Look for a section like 'Onboard devices' or 'Integrated peripherals' where you can disable network, FireWire or eSATA controllers and any other hardware that you're not using. Fewer devices means your PC is initialised more quickly and Windows has fewer drivers to load.
Change your BIOS's boot order to ensure that your hard drive is checked first. Complete this section by checking your BIOS manual to see if it has any general speedup tricks, like using a PEG Link mode for faster graphics.
Disabling devices in your BIOS is good, but there are more ways you can minimise Windows' need to load drivers.
If you've a printer or other external device connected that you rarely use, for instance, then disconnect it or turn it off. And if you're not using a particular item of hardware, like a network port, then disable it in Device Manager (but carefully: pick the wrong device and you'll disable your PC).
Don't expect major results here. Our poorly configured test PC cut its lengthy 95 second boot time (from power on to opening an IE window) by only four seconds. But it's a start, and there's much more to come.
It's likely that Windows will still be loading many unnecessary drivers, but to find out you must view the full list for yourself. Click 'Start | All Programs | Accessories | System Tools | System Information', then expand the Software Environment section of the tree and click 'System Drivers' to see what's running.
Click the State column header to group all drivers marked as 'Running', then browse through these looking for drivers that relate to applications you no longer use.
Enter a driver's name into Google if you're not sure what it might be. Use this list to identify software that might have installed your driver, then remove the program if you think that it's no longer necessary. We uninstalled the iRiver Music Manager, SpeedFan, PC Tools Spyware Doctor.
After rebooting, we found their associated drivers had also disappeared. If some of your drivers still remain, launch Device Manager ('devmgmt.msc'), click 'View | Show Hidden Devices', then 'View | Devices by Type', and expand the 'Non-Plug and Play Drivers' section of the tree.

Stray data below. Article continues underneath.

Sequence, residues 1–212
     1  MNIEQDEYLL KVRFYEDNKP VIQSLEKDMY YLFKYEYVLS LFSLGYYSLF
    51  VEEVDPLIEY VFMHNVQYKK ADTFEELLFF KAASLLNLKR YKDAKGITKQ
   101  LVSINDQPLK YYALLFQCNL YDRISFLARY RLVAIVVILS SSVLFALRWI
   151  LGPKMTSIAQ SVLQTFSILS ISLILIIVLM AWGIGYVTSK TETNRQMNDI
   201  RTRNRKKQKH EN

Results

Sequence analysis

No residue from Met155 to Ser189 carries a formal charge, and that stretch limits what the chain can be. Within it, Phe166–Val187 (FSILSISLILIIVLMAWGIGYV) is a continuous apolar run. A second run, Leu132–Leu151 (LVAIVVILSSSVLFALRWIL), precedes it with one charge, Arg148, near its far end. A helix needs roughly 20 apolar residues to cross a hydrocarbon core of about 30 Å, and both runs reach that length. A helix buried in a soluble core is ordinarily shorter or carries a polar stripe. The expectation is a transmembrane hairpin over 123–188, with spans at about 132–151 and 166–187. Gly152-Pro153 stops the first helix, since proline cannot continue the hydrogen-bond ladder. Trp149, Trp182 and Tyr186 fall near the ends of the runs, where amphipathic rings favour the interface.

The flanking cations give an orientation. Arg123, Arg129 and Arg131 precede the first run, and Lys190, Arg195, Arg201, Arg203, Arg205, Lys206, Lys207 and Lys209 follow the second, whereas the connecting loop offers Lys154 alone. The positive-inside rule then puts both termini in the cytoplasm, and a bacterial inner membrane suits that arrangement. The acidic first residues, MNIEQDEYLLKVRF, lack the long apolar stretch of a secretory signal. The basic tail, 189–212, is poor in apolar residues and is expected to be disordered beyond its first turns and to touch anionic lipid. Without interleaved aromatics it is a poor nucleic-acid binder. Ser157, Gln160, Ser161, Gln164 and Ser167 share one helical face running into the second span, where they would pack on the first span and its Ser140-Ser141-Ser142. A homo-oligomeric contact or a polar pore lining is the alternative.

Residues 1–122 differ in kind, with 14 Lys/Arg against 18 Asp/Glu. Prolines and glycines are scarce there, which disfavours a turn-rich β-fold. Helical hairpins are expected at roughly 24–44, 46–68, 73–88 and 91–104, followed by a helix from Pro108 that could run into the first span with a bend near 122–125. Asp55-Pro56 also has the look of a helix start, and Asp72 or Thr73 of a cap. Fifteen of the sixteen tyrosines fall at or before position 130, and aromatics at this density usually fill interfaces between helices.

This may display additional third-party drivers: double-clicking these will display more information, or you can remove them by right-clicking and selecting 'Uninstall'.
Be careful here: this is risky, and removing something important could cripple your PC to the point that it won't even boot in Safe Mode. But get it right and the results are good, with our efforts trimming a whole 10 seconds off the test PC's boot time.
Trim your services
Third-party Windows services are just as likely to extend your boot time as additional drivers, and so you should remove those next. The procedure is very similar to the one you've just followed.
Launch the Control Panel Services applet ('services.msc'), then browse the list to identify services that are surplus to requirements. On our test PC this included Apple Mobile Device and the Bonjour service (installed by iTunes), CyberLink Rich Video Service, MSCamSvc (webcam-related software), Nero BackItUp Scheduler 3 (unused on the system) and more.
Once again we uninstalled associated software where possible to remove these services. And if we wanted to keep the software, as with iTunes, we simply disabled the relevant services (double-click them and set 'Startup Type to Disabled'). Again, don't disable any core service or you'll seriously affect your PC.
If you're running Windows Vista then there's a third option available that's potentially useful with non-critical services you might need only occasionally. Double-click 'Apple Mobile Device', say, then set the Startup Type to 'Automatic (Delayed)'.
Windows will give initialising the service a lower priority, so your computer's desktop should appear more quickly. The results here will vary depending on what you remove, but we trimmed a further four seconds off our test PC's boot time – not bad for five minutes' work.
And there's still more that can be done in taking control of your Windows start-up programs. Install Autoruns to uncover everything that's set up to launch when Windows starts, then uninstall the programs you don't need (or just reconfigure them to load on demand, not when your PC boots).